To give an idea of how dangerous chronobacter can be; an outbreak in France in 1994 killed at least 8 infants. During the outbreak, multiple different sequences were discovered.

With all we know, we still aren’t sure how the bacteria actually get into the infant formula. Heating the water properly when making the milk should be sufficient to kill the bacteria but chronobacter is still viable for up to 2 and 1/2 years even after it’s dried out.

As part of her research, Emily even discovered a brand new bacteria – Siccibacter Colletis

Key learning: you don’t get to name your own bacteria.

Second up is Maxine who is a reformation historian, researching angelic belief. Specifically, did angelic belief have an impact on the change over from Catholicism to Protestantism?

During Queen Mary’s reign, she had over 300 reformers burned to death. John Foxe wrote about these martyrs. There were four editions, deeply protestant, deeply political and full of angelic references.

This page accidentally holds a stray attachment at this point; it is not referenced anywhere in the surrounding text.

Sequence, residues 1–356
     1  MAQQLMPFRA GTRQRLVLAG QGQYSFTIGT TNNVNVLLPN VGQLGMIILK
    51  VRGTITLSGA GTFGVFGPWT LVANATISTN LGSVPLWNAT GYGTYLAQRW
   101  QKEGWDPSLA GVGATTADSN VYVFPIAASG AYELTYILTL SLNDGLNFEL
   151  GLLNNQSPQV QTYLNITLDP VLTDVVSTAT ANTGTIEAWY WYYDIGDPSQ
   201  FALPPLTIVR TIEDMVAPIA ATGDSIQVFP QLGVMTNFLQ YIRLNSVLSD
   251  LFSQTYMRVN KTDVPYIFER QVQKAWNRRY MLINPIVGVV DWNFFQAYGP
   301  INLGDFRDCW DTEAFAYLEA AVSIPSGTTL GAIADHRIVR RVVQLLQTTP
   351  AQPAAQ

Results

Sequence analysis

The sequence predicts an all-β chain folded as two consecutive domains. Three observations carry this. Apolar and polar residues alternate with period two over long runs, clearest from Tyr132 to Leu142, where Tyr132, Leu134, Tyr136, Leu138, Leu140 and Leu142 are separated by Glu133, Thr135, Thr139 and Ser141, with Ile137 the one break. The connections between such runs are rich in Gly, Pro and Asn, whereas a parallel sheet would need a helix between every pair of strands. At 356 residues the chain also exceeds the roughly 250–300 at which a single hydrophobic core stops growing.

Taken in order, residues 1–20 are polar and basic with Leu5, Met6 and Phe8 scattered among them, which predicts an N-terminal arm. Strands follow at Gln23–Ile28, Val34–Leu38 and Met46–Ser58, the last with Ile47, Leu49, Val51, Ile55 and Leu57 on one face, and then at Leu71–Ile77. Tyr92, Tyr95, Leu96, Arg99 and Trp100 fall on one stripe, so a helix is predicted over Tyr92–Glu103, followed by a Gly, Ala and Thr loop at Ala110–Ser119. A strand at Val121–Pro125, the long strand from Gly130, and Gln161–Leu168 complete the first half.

There are writings asking for the angel of the lord to come down and bear witness – essentially a formalising mechanism. Angels are also seen as guardians. While protestants rejected the idea of the veneration of saints and purgatory, they maintained a belief in angels since they are mentioned in scripture (psalm 34:7 for example)

Foxe’s books contain significant commentary on a small number of sources of angelic intervention. It was felt that affirming intervention opened you up to ridicule from Catholics. However, they did still see a correlation/contrast between the hordes of angels and the minority of protestant believers.